At the beginning of 2017, we wrote a special report about the upcoming Elections throughout Europe in one of our Opening Articles in the Platinum Trading Floor which is our members only access page.
At the time, there was still a question mark whether the UK would trigger Article 50 of the Lisbon Treaty or not and when it would be done. We had a rough idea it would take place in March, but there was still a lot of uncertainty around the subject.
What has this report got to do with the UK triggering article 50?
Well, at the report we discussed the Elections’ calendar for Europe this year and at the beginning of 2018, how it could affect our trading and the risks Europe faced if some results followed the example of Brexit and the US Elections last year.
Fast forward to today and we have cleared some of those events and surprisingly we have added some others. We now know that the UK has formally started the process of exiting the EU having triggered Article 50 at the end of March and also that the French have opted for a president who is strongly in favour of the EU project.
UK General Elections
Here we get to our point in this article. At the beginning of the year, the UK General Elections was not an event in the calendar. We knew about Article 50, the French elections, the German elections and the Dutch elections, but we couldn’t Forsee the UK having a general election.
Unfortunately, before we can discuss the UK elections, we will have to touch a subject which may be already driving you mad, particularly if you live in the UK. If you thought about BREXIT, you guessed it correctly! We are going to discuss that infamous subject.
BREXIT and the triggering of article 50
We promise we will try to be very brief about this particular subject. However, if you intend to be a trader and trade with finesse, you have to be tuned to what is happening fundamentally in the market and understand the possible outcomes of an event such as the UK election which is going to be the next big fundamental event in our calendar this year.
Let’s review Brexit in a timeline:
June 23, 2016: The U.K. holds a referendum on whether to leave the European Union.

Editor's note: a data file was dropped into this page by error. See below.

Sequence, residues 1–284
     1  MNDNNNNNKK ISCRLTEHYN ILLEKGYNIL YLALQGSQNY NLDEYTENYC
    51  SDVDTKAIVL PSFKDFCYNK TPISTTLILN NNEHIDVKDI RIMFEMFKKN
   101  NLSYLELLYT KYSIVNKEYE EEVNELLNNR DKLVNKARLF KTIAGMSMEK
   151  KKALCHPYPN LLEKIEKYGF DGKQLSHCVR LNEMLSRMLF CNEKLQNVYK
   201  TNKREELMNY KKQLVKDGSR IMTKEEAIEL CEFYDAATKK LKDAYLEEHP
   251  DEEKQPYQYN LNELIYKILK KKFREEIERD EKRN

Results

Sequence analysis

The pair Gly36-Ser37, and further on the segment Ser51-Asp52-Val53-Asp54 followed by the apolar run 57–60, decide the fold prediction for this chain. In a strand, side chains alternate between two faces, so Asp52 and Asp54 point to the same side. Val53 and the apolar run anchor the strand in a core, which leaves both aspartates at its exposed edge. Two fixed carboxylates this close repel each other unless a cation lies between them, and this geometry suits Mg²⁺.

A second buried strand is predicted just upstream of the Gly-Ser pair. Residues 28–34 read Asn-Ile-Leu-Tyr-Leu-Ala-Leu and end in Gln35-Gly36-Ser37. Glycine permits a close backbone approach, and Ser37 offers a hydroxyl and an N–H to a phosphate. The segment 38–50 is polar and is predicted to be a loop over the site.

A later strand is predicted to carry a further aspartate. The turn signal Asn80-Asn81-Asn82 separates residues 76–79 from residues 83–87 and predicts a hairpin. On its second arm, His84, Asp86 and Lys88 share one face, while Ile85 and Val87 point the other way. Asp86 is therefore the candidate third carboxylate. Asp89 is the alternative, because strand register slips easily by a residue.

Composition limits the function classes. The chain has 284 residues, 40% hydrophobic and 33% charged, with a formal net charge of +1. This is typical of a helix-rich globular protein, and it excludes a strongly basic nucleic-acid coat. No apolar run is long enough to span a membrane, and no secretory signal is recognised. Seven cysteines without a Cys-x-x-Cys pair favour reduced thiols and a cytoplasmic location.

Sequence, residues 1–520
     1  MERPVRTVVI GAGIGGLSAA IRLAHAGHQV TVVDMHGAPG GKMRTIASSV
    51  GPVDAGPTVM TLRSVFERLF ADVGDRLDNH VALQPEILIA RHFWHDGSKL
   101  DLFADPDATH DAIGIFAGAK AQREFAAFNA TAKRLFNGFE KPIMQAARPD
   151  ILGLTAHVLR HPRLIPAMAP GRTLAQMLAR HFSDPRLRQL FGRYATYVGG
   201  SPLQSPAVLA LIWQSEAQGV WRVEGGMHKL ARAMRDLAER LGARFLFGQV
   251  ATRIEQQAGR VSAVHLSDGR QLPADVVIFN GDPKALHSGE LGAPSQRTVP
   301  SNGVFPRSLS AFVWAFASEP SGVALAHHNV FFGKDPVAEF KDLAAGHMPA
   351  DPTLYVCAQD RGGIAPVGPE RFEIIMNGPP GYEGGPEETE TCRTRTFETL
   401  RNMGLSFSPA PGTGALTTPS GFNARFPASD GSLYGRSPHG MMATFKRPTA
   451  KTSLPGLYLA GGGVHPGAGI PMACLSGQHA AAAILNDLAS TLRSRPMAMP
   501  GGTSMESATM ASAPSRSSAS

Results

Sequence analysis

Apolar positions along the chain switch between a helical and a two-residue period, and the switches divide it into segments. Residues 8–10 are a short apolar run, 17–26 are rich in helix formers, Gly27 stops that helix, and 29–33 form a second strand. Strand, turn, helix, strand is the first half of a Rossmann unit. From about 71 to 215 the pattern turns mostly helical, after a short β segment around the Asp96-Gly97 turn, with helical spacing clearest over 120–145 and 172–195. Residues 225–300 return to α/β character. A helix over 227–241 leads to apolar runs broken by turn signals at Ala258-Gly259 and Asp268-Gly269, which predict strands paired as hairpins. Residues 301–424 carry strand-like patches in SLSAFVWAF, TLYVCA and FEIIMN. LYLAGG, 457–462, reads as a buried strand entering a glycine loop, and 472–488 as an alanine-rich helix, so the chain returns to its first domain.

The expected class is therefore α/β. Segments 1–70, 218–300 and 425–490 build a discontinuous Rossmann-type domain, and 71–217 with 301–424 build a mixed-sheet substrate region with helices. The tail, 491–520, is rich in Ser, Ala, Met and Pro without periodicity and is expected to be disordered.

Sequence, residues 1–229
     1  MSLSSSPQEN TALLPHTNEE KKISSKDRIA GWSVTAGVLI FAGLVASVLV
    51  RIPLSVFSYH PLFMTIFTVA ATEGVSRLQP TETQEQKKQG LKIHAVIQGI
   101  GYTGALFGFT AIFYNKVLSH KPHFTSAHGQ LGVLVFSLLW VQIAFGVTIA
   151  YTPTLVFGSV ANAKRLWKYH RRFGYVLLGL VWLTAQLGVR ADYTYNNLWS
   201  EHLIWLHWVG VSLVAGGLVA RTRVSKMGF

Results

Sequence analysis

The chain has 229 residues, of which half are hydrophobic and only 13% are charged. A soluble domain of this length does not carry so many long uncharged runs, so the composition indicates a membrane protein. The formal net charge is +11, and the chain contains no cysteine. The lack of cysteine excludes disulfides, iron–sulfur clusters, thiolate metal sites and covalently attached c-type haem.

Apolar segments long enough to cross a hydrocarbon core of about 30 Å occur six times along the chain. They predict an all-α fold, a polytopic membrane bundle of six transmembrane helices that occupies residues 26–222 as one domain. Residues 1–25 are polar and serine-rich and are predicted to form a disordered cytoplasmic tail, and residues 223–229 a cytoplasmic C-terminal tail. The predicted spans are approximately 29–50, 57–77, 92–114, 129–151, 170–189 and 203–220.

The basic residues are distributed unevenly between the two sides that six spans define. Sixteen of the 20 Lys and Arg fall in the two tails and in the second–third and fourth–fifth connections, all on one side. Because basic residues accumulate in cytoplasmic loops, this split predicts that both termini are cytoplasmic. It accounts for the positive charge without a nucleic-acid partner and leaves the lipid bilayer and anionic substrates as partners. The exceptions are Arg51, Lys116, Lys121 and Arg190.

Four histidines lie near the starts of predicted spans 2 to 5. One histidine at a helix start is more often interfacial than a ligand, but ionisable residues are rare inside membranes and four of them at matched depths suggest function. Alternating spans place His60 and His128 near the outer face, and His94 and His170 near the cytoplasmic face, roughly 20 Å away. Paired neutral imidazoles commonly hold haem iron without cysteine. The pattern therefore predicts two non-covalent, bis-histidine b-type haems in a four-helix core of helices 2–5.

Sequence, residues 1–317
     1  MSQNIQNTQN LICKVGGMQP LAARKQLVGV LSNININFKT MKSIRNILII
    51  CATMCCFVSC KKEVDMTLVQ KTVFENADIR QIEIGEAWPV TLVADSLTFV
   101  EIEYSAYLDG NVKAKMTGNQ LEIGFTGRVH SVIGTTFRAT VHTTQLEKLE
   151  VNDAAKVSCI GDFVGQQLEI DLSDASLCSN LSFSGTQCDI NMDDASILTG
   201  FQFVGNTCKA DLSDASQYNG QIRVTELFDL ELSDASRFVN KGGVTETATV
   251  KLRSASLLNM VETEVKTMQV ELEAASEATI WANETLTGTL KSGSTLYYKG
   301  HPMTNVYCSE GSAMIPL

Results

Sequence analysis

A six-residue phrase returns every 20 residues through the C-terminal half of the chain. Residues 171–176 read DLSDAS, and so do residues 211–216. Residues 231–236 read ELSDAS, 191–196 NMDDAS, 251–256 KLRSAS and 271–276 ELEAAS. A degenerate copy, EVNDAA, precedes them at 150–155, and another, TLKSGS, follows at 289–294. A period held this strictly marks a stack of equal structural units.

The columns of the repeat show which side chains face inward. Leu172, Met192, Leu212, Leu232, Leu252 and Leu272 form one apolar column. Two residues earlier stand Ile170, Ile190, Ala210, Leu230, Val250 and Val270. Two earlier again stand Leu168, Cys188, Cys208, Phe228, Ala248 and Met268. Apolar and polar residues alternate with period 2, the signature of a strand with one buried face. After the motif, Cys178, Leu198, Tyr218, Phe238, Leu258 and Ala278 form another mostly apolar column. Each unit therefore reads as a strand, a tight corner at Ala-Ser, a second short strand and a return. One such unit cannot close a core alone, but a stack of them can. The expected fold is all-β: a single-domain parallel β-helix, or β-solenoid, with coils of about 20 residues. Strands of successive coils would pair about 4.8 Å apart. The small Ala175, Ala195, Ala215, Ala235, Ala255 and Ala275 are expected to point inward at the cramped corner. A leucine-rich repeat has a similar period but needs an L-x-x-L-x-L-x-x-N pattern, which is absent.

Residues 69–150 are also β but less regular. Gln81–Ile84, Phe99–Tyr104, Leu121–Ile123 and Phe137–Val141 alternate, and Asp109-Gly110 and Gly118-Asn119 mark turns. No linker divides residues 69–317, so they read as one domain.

June 24, 2016: The referendum result is announced, with 52 percent of voters choosing to leave the EU. David Cameron resigns as prime minister and the pound plunges to a 3-decade low. BOE announces it is ready to support the financial system.
July 13, 2016: Theresa May becomes Prime Minister, predicting Britain will “forge a bold new positive role for ourselves in the world.”
August 4, 2016: The Bank of England cuts its benchmark interest rate to a record low at 0.25 percent and expands its bond-buying program.
October 2, 2016: Prime Minister says she will trigger article 50 by the end of March.
October 7, 2016: The pound plunges more than 6 percent in two minutes during the thin liquidity of the Asian session to its lowest level in 31 years in what became known as the flash crash.
October 13, 2016: European Union President Donald Tusk says it will be “hard Brexit” or “no Brexit”.
November 3, 2016: The High Court rules U.K. must hold a vote in Parliament before starting the Brexit process.
January 24, 2017: The Supreme Court Rules the Prime Minister must seek the permission of Parliament before starting the countdown to Brexit.
March 29, 2017: At around 1:20 p.m. in Brussels, Tim Barrow hands Donald Tusk the letter which begins two years of talks. Theresa May tells lawmakers in London that “this is a historic moment from which there can be no turning back.”